This is probably false, but I'll ask anyway, just in case.

Conjecture 1. Suppose $E\subset[0,\infty)$ has finite Lebesgue measure. Then there is a subset $E_0$ of measure zero such that $E\setminus E_0$ admits a countable and order-respecting (in the sense that $I_k<I_{k+1}$) cover of disjoint intervals $\{I_k\}_{k=1}^\infty$, where $\bigcup_{k\in\mathbb{N}}I_k$ also has finite measure.

Since $\mathbb{R}$ is Lindelof under the Lebesgue topology, it should be enough to find an open cover $\{U_\alpha\}_{\alpha\in I}$ of $E$ such that $\bigcup_{\alpha\in I}U_\alpha$ has finite measure. Then we convert to intervals and pass to a countable subcover. Order the intervals $(I_k)_{k=1}^\infty$ according to their infimum, and throw out any $I_k$ satisfying $\sup I_k<\sup I_j$ for some $j<k$. Then relabel $I_k$ to denote $I_k\setminus\bigcup_{j<k}I_j$. And that should do the trick.

So, really, Conjecture 1 is equivalent to:

Conjecture 2. If $E\subset[0,\infty)$ has finite Lebesgue measure, then there is a subset $E_0$ of measure zero such that $E\setminus E_0$ admits an open cover $\{U_\alpha\}_{\alpha\in I}$, where $\bigcup_{\alpha\in I}U_\alpha$ also has finite measure.

To disprove Conjecture 1, it is enough to prove this anti-conjecture:

Conjecture 3. For any $\epsilon\in(0,1)$, there is a measurable subset $K_\epsilon$ of $(0,1)$ such that $\mu(K_\epsilon\cap(a,b))>0$ for any $0<a<b<1$, and $\mu(K_\epsilon)<\epsilon$. (Here, $\mu$ is the Lebesgue measure.)

If Conjecture 3 is true, then let $E=\bigcup_{j=0}^\infty(j+K_{2^{-j}})$. That will break Conjecture 1.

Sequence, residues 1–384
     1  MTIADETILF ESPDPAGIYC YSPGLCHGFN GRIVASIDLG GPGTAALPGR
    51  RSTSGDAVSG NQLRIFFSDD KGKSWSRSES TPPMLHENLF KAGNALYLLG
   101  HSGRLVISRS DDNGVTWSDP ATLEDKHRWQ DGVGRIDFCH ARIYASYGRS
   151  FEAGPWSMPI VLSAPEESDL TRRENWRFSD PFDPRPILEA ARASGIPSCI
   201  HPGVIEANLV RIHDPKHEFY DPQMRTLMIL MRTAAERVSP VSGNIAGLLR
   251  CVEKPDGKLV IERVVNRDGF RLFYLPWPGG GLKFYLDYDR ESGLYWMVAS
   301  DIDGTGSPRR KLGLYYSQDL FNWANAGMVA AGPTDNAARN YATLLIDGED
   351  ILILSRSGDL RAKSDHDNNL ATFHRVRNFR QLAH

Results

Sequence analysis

Conjecture 1 is false and in fact there is a counterexample $E$ which is an open set. Just take $E$ to be any dense open set of finite measure (to construct such a dense open set, enumerate the rationals and take an interval of length $1/2^n$ around the $n$th rational). Then $E\setminus E_0$ is still dense for any null set $E_0$. If intervals $I_k$ existed as in the conjecture, then the right endpoint of $I_k$ would have to be the same as the left endpoint of $I_{k+1}$ for each $k$ (since if they were different, $E\setminus E_0$ would fail to be dense in the interval between them), and so their union contains all but countably many points and has infinite measure.

Conjecture 2 is true, though. Indeed, for at least one definition of Lebesgue measure it is true immediately from the definition. Namely, the Lebesgue (outer) measure of a set $E$ is defined as the infimum of all sums of lengths of countable collections of open intervals that cover it. So, if $E$ has finite measure, there must exist a cover by open intervals whose union has finite measure (indeed, measure arbitrarily close to that of $E$).

Your argument deducing Conjecture 1 from Conjecture 2 is wrong; in particular, you cannot necessarily order the intervals as $(I_k)$ by their infima, since the set of the infima of the intervals may not be order-isomorphic to $\mathbb{N}$. (For instance, think about the intervals that form the complement of a Cantor set.)

Conjecture 3 is also true. Just fix an enumeration $(I_n)$ of all the intervals in $(0,1)$ with rational endpoints, and pick a subinterval $J_n\subseteq I_n$ of length at most $\epsilon/2^{n+1}$ for each $n$. Then $K_\epsilon=\bigcup J_n$ will intersect every subinterval of $(0,1)$ on a set of positive measure but $K_\epsilon$ has measure at most $\epsilon$.


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